Become a Veterinary
Assistant II: Canine Reproduction

Course Length

6 Weeks
24 Course Hrs

Cost

$115.00 USD

Canine Reproduction FOR VETERINARY ASSISTTANTS COURSE SUMMARY

This course is the definitive guide to the principles of sound dog breeding. If you’re a veterinary assistant or preparing to become one, this course will help you understand the essential facts so that you can knowledgeably converse with clients on the complexities of canine reproduction.

Admission Requirements

There are no prerequisites to take this course besides an interest in responsible breeding practices that promote the health of breeding dogs and their puppies.

It is recommended you take Become a Veterinary Assistant I before taking this course.

Instructional Material Requirements

The instructional materials required for this course are included in enrollment and will be available online.

Computer Requirements

  • PC: Windows 8 or later.
  • Mac: macOS 10.6 or later.
  • Browser: The latest version of Google Chrome or Mozilla Firefox are preferred. Microsoft Edge and Safari are also compatible.
  • Adobe Acrobat Reader.
  • Software must be installed and fully operational before the course begins.
Veterinary Assistant with dogs

Course Delivery

100% Online

Or call us today at

COURSE OUTLINE

Veterinary assistants with a dog

APPLY ONLINE

You can apply for this certificate course directly online, through our partners at Ed2Go!

or call us today at

Canine Reproduction for Veterinary Asssistants
Course Summary

In the first lesson, you’ll learn how to select parents for your breeding program by using blood tests, radiographs, and physical examinations. You’ll receive a primer on genetic disease and then learn all about management of the breeding pair, specifically vaccinations, deworming, and nutrition.
How well do you know the female dog’s anatomy? Besides learning the difference between the uterus and the oviducts, you’ll look at the physical abnormalities that plague the female dog. You’ll also find out how to diagnose infections and how those infections can impact fertility.
In this lesson, you’ll turn your attention to the male dog. He’s a far more important contributor to the gene pool than the female. You’ll delve into reproductive diseases that strike the male, such as cryptorchidism and Brucellosis, and conclude with a look at maladies such as testicular and prostatic disease that strike the geriatric male.
When is the right time to breed a female dog? Though this is a simple question, the answer eludes many people. In this lesson, you’ll examine the reproductive (estrous) cycle of the female. You’ll discover myriad ways to pinpoint the most productive time to breed.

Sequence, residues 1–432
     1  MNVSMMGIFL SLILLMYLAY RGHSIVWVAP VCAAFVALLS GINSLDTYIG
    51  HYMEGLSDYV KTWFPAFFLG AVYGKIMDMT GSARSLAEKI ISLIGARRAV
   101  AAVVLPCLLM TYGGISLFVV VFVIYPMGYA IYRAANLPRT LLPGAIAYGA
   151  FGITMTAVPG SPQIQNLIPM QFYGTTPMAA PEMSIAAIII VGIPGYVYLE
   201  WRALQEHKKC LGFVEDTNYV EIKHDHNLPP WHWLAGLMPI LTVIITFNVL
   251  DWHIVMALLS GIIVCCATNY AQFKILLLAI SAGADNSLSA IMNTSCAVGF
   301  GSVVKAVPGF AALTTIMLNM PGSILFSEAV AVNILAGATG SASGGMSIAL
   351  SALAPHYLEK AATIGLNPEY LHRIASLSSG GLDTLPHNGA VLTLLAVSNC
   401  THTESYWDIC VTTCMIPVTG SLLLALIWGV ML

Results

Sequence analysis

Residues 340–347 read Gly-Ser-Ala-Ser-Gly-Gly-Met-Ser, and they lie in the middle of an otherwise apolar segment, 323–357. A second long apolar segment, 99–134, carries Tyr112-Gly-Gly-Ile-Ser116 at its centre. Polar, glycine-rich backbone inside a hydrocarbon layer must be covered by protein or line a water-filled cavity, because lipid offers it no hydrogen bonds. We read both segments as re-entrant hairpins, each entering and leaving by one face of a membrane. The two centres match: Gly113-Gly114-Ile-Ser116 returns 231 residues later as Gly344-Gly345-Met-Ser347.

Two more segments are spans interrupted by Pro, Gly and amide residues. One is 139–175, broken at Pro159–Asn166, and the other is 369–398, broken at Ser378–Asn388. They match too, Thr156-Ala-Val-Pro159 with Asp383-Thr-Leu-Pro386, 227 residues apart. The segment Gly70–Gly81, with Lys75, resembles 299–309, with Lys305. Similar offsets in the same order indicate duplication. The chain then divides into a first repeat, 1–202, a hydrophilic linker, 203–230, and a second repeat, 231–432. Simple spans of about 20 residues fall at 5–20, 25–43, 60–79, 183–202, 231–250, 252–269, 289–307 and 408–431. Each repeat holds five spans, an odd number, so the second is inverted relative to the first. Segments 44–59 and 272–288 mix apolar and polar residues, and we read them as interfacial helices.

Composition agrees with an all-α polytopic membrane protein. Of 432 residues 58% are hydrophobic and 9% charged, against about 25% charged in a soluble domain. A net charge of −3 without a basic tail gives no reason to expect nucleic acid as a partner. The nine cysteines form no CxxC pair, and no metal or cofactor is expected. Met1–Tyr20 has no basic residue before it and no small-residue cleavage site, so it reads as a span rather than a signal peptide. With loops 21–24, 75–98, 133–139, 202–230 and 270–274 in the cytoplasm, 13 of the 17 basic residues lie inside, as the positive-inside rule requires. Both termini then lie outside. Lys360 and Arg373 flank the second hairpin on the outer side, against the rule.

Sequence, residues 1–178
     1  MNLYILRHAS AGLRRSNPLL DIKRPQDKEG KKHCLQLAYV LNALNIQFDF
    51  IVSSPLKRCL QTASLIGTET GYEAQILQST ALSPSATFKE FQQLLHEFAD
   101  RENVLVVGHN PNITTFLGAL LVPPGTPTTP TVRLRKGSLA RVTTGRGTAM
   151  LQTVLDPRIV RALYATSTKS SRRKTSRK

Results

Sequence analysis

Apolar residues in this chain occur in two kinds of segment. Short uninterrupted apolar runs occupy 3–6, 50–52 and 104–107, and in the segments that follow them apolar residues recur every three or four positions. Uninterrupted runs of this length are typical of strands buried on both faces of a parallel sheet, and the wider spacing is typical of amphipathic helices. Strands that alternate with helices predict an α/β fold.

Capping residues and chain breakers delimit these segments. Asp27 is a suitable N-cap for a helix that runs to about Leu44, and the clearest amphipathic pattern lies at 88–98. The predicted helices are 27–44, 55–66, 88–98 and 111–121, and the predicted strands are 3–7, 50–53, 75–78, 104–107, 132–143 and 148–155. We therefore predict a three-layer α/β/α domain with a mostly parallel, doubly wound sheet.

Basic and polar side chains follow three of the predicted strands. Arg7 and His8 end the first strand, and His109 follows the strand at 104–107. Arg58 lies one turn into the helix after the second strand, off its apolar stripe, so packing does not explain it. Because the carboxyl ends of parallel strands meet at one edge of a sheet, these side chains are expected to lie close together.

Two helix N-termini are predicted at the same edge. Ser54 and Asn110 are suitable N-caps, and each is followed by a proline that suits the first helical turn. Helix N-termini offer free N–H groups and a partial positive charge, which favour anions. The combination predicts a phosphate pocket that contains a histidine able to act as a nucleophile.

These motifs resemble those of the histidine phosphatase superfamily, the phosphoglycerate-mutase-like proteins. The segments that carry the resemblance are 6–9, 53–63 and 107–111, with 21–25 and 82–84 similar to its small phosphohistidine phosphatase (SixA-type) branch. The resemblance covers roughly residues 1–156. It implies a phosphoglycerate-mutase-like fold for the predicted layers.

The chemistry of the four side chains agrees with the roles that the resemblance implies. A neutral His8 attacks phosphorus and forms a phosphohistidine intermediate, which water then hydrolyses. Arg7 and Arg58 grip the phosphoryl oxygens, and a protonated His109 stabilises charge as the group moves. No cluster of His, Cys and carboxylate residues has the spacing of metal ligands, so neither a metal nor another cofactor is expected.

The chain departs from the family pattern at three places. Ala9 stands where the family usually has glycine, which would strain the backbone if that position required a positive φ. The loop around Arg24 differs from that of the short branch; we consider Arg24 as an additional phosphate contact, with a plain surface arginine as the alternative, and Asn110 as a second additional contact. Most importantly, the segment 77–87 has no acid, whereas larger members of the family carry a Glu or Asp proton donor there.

In this lesson, you’ll explore two methods of breeding—natural and artificial. You’ll be able to tell when there are problems with natural mating. When you look at artificial insemination, you have to know how to collect and evaluate semen to ensure the male is fertile. This lesson will cover how to do that as well as techniques for insemination.
By now, the female has been bred and you expect a pregnancy. Unfortunately, this doesn’t happen every time. This lesson focuses on reasons for infertility in the female, such as pyometra and cystic endometrial hyperplasia.
You’ll now turn your attention to the hormonal fluctuations that influence fertility. You’ll examine silent heats, persistent estrus, and a variety of other abnormalities. You’ll even go over a few problems with sexual behavior.
In this lesson, you’ll review some of the important reasons for male infertility. You’ll begin by finding out why the male may not want to mate, such as having arthritis in his spine. Next, you’ll look at semen production and the negative effects of such things as prostate infections. You’ll conclude the lesson with a review of a male reproductive examination.
Assuming everything has gone right, you now have a pregnant dog and you have to take care of her. What should she be fed? Should she be vaccinated? What diseases could strike her during this time? You’ll look at two specific examples you need to watch for—diabetes and pregnancy toxemia.
It’s time for puppies! In this lesson, you’ll learn what to expect during whelping. You’ll find out what’s normal and when to suspect complications. Of course, the lesson wouldn’t be complete without examining how to solve a whelping problem. You’ll learn what you can do and how a caesarean is done.
Many people breathe a sigh of relief once the puppies are born, but for some dogs, this is when the problems really begin. This lesson’s topic is postpartum disease. These diseases include mastitis, metritis, and hypocalcemia—a condition where the blood calcium drops to dangerous levels.
This final lesson is all about puppies. You’ll look at the importance of the first drink of milk. You’ll find out how to evaluate if they’re getting enough food, and what to do if they aren’t. You’ll also look at how to keep them warm so they aren’t chilled. The lesson and course will conclude with an itinerary that shows you what to do for the first six months of a puppy’s life.